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Agilent Technologies and NUS Sign Research Collaboration Agreement for Lipidomics Research

Published: Thursday, March 31, 2011
Last Updated: Wednesday, March 30, 2011
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Partnership marks Agilent’s first collaboration in lipidomics research and development worldwide.

Agilent Technologies Inc. and the National University of Singapore have announced an agreement to develop expertise and knowledge in the area of analytical lipidomics. The goal of the partnership is to develop workflow solutions that enable researchers to more accurately understand disease states.

Under the terms of the agreement, Agilent’s provision of sophisticated test and measurement instruments will be housed in the NUS Center for Lipidomics within the university’s Life Sciences Institute. Headed by Associate Professor Markus Wenk, NUS Department of Biochemistry and Department of Biological Sciences, this center will host researchers and scientists from clinical and commercial organizations in Singapore and the Asia Pacific region. The center grew out of a competitive five-year research program and promises to be a global magnet for collaborating parties in lipidomics.

The collaboration will help to further advances in the emerging field of lipidomics, which may lead to the creation of new classes of biomedical research tools and therapies. The NUS Industry Liaison Office has been actively guiding the researchers and facilitating their work with industry to create win-win relationships with companies such as Agilent.

“Integrated tool development programs, such as this new Center for Lipidomics, greatly support applications in life and environmental sciences,” said Professor Barry Halliwell, NUS deputy president (Research and Technology). “We are delighted by the substantial industry interest and welcome Agilent as a partner in this endeavor.”

Agilent will support NUS with highly specialized instruments for the separation and analysis of lipids from complex mixtures using robotic systems and the latest bioinformatics software tools and electronic lab notebooks. The company will also provide NUS access to its scientists in Asia and the United States. NUS will serve as a reference site for Agilent and allow the company to better understand the needs of the research community. Agilent will use what it learns to further develop and enhance its instruments.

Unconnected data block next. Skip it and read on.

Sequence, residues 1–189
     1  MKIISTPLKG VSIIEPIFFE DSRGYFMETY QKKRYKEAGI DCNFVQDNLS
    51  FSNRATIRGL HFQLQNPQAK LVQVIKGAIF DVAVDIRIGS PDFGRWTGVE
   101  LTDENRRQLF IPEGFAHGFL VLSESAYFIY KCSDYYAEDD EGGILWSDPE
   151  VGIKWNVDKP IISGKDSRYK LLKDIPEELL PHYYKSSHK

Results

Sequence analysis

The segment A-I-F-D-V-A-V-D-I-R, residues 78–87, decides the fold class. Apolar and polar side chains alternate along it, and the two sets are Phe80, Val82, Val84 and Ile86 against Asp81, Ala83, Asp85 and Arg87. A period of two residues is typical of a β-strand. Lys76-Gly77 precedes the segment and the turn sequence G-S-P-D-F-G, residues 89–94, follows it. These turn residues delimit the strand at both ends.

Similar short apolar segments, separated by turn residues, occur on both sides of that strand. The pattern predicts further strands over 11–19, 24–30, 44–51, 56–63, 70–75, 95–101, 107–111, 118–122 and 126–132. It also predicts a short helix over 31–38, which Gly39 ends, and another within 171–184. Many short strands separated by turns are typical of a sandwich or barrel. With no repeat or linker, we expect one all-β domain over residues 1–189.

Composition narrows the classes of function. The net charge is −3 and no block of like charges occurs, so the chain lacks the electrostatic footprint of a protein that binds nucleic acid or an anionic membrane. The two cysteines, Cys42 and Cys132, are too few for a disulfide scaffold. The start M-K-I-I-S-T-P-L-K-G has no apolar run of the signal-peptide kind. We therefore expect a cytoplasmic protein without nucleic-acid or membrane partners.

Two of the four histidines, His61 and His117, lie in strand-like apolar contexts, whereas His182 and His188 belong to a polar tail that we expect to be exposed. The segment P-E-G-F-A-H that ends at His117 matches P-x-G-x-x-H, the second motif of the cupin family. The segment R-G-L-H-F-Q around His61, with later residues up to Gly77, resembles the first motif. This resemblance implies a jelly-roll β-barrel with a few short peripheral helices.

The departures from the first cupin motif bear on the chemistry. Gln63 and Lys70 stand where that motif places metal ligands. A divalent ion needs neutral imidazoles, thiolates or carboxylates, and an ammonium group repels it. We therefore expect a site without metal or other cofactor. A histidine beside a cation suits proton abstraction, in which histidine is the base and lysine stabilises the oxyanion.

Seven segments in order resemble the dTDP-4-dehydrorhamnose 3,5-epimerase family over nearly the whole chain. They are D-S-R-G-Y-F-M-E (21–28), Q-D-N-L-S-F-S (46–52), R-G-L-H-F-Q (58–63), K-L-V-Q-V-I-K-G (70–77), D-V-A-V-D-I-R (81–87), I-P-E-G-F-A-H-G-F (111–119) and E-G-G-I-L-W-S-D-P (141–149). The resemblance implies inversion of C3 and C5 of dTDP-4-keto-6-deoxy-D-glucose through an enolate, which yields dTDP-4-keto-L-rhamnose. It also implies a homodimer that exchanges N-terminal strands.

“Lipids play crucial roles in pathophysiology,” said Professor John Wong, dean of the NUS Yong Loo Lin School of Medicine. “The close proximity of this new center to clinical research and patient care at the National University Health System places us in a unique position for knowledge creation and translation in biomedicine.”

Additionally, both Agilent and NUS have agreed to explore opportunities in the field of lipidomics through collaborative research projects, short-term consultancies, customized training programs and workshops, and participation at industry seminars and conferences to advance the level of knowledge in the field of lipidomics.

“This strategic partnership with NUS will raise the level of knowledge for lipidomics and potentially pave the way for developments in related fields of research such as life sciences, nutritional sciences or environment sciences,” said Rod Minett, Agilent’s general manager, Life Sciences Group, South Asia Pacific and Korea. “We will collect insights into the use of our instruments in this complex research field and look to further develop and enhance our capabilities, not only in lipidomics but also in related fields of research.”

“This collaboration will further strengthen Agilent’s worldwide leadership in the field of metabolomics, which is a key strategic initiative for our company,” said Rudolf Grimm, Ph.D., Agilent’s director of science and technology and collaborations manager, Asia Pacific.

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